Caleb Landry Jones logs four films in 2017, two of which are earning early awards nods

Caleb Landry Jones has had an exception year on the big screen with roles in four films, two of which — “Get Out” and “Three Billboards Outside Ebbing, Missouri” — receiving both Golden Globes and SAG nominations.
(Allen J. Schaben / Los Angeles Times)

If anyone’s looking for this year’s indie darling, we’ve found him. Caleb Landry Jones has been making scenes all year, in “Get Out,” “American Made,” “Three Billboards Outside Ebbing, Missouri” and “The Florida Project.” (He even had a key role as a dirtbag on “Twin Peaks.”) With both “Get Out” and “Three Billboards” earning Golden Globes and SAG nominations, he’s going to have some table-hopping evenings ahead of him.

The Texas native has had a knack for landing in good films from the start. His first role was Boy on Bike at the end of 2008’s Oscar-winner “No Country for Old Men,” at age 16. A recurring role on the acclaimed series “Friday Night Lights” followed. By 19, he was living in Los Angeles. Eight years later, he’s sitting in the L.A. Times offices discussing his year in film.

For all his wild and creepy roles, Jones is surprisingly soft-spoken; the bright Hawaiian shirt he wears is louder than he is. He seems genuinely surprised by his good fortune.


“I really can’t believe I’m a part of one of these movies, much less several,” he says. Breaking down the breakouts:

“Get Out” — Jeremy Armitage

Released in February, Jordan Peele’s “Get Out” drenched a study of systemic racism with the blood of a horror film, when an African American man (Daniel Kaluuya) goes home to meet his white girlfriend’s unsettling family. As bigoted brother Jeremy, Jones is just begging for a horrible end. “I was so proud to be a part of this message,” he says. “I was so worried that it was going to be everything I’m against — unnecessary violence.”

He put his trust in writer-director Peele. “Jordan is so passionate and excited to see it unfold while it’s happening,” he says of the director on set. “He’s like a little kid in a candy store, he’s so jazzed about what’s going on, and that makes you feel so special and makes you feel that you can play around even more.”

“The Florida Project” — Jack


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Willem Dafoe plays Bobby, a motel manager and de facto father to a number of characters living in the margins in Orlando, Fla. But his relationship with his own son Jack is little more than cursory. Jones shot just one or two days on Sean Baker’s film, going straight to set as soon as he landed. “They were in the midst of making the movie, which is the best, because it’s great to get there and it’s already going on,” Jones says. The train’s already in motion. It’s just a matter of hopping on board.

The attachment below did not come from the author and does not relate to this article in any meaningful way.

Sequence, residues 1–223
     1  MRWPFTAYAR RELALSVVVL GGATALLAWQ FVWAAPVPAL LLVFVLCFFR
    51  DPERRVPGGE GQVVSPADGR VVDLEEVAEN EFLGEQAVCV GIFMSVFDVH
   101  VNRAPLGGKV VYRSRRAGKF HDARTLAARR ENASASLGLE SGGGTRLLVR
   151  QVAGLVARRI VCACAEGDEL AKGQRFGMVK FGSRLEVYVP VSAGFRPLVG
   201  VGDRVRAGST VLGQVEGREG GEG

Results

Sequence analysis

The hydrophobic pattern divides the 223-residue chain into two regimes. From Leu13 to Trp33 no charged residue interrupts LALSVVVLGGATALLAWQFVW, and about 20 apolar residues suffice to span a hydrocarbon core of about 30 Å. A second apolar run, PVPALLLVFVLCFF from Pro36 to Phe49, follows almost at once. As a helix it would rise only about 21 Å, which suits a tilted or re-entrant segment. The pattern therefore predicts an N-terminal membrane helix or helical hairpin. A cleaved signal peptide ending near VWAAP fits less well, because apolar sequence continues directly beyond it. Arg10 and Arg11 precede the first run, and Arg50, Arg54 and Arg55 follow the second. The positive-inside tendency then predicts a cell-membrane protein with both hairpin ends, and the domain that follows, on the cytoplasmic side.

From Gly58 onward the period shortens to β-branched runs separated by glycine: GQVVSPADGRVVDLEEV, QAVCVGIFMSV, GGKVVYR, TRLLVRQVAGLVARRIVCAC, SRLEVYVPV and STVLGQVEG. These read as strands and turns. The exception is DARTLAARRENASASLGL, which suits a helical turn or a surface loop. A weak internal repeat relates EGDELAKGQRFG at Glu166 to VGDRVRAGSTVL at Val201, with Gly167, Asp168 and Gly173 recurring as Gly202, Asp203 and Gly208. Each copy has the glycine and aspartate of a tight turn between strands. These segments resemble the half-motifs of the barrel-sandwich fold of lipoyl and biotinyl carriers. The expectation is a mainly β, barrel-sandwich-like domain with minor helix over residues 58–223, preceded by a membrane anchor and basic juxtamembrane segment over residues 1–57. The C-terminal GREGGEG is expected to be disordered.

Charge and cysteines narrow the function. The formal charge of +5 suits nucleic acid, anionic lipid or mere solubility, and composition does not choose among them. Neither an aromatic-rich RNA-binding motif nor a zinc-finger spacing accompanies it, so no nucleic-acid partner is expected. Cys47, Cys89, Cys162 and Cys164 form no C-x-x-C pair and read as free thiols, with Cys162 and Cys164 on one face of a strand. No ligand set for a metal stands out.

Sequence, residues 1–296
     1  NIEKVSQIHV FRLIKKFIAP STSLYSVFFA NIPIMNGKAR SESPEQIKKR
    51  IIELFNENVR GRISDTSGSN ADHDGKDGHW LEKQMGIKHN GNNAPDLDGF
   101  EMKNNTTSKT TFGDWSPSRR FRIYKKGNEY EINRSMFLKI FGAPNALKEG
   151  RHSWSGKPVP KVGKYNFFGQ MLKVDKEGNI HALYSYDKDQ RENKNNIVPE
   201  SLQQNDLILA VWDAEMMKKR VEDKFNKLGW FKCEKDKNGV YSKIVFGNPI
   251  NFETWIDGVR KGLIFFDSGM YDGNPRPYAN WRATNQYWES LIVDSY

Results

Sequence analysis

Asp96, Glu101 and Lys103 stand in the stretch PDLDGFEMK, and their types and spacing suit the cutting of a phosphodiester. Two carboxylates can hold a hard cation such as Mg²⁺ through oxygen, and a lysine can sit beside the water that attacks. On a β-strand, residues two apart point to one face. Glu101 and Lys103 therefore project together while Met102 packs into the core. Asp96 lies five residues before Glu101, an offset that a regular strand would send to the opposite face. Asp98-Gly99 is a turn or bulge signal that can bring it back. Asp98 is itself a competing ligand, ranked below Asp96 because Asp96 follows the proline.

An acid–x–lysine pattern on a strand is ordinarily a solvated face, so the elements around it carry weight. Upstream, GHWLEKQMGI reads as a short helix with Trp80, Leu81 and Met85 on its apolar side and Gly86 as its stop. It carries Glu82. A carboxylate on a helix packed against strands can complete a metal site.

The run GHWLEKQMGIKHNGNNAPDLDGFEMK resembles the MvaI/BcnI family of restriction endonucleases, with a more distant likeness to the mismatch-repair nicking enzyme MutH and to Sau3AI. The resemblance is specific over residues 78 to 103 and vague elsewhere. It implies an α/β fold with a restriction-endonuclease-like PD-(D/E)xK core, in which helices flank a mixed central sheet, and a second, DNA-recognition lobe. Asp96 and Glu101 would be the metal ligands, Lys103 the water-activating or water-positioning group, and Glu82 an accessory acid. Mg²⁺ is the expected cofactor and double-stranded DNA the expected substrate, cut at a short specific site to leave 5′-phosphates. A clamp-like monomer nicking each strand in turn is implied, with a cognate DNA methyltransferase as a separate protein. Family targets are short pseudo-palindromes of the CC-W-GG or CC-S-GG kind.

His scenes revolved around helping Bobby out with unpleasant chores at the motel. “Willem, maybe not knowing what kind of actor I was, just told me, ‘OK, kid, all we’re doing is just moving this ice machine. It’s all we’re doing.’ I think he just wanted to see that I didn’t have any big ideas in my head that were going to come out.”

“Three Billboards Outside Ebbing, Missouri” — Red Welby


As the young billboard owner roped into a controversial ad campaign by a formidable Frances McDormand, Red is a man in over his head. Jones felt the same way when he arrived on writer-director Martin McDonagh’s set. “I felt like I was too young for the part, so I remember trying to talk a little lower and trying to mimic Martin a little bit.”

On his first day, he had to play Red’s last scene, which had the actor running scared — and for which he’s grateful. “It’s always good for that first day of being on set to be thrown into the water without a lifeboat. You’ve really got to get in there and get messy and make mistakes, like Miss Frizzle says in Magic School Bus.” His relief with the outcome is still palpable. “Martin was happy with our work that day, and that put the ball rolling for the rest of it, and gave me confidence to keep going.”

“American Made” — JB

In the Tom Cruise film about drugs, politics and the American Way, Jones plays yet another brother, this time a true-blue idiot who messes with the wrong cartel. Jones drove from L.A. to Mena, Ark., where the film is supposed to take place, but once he learned it was a dry county, “I kept going,” to the Georgia set, he says, laughing. He listened to ’80s hair metal — for the first time — to get into JB’s head-banging head space. “This music helped, because then I’d get there with my shirt off and I’d feel all whoo-hoo! And that was great for getting me going.” And he’s now a fan of Alice Cooper.

Caleb Landry Jones i
(Allen J. Schaben / Los Angeles Times )